Naming and shaming sites that make dubious health claims

Legal, decent, honest and truthful. It doesn’t sound too much to ask, but many traders
continue to use misleading advertising claims on their websites – and the list is dominated by health products.

If the UK Advertising Standards Authority (ASA) decides that an online ad does not comply with the UK Advertising Code, it will make repeated requests for the dubious claim to be
amended: if traders still fail to comply, then details of the claim and the ASA decision are published. Looking down the list, it is dominated by health products, including something I misread as psychic dentistry.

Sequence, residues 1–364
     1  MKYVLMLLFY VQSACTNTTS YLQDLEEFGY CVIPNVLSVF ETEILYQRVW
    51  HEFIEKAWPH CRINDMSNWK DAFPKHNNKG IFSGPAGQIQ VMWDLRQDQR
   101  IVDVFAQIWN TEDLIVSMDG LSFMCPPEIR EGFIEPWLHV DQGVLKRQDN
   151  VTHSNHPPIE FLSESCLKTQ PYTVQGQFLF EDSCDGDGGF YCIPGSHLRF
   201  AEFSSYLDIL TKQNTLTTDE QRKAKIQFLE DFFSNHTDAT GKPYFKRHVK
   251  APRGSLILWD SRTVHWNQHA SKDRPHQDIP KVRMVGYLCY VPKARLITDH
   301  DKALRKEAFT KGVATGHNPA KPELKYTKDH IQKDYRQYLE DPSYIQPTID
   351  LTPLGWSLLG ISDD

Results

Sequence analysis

Wonder products include a multi-tasking device claimed to help reduce HIV infection levels among other achievements, a supplement that can rebuild cartilage and a liquid chlorophyll that cleanses and deodorises the blood. Many of the sites claim proven health benefits for their products but fail to supply evidence of efficacy. It’s all a bit of a blast from the past.

Advert for electromagnetic bathing fluid, claimed to cure a range of serious conditions. Public domain via Wikimedia Commons.

Advert for electromagnetic bathing fluid, claimed to cure a range of serious conditions. Public domain via Wikimedia Commons.

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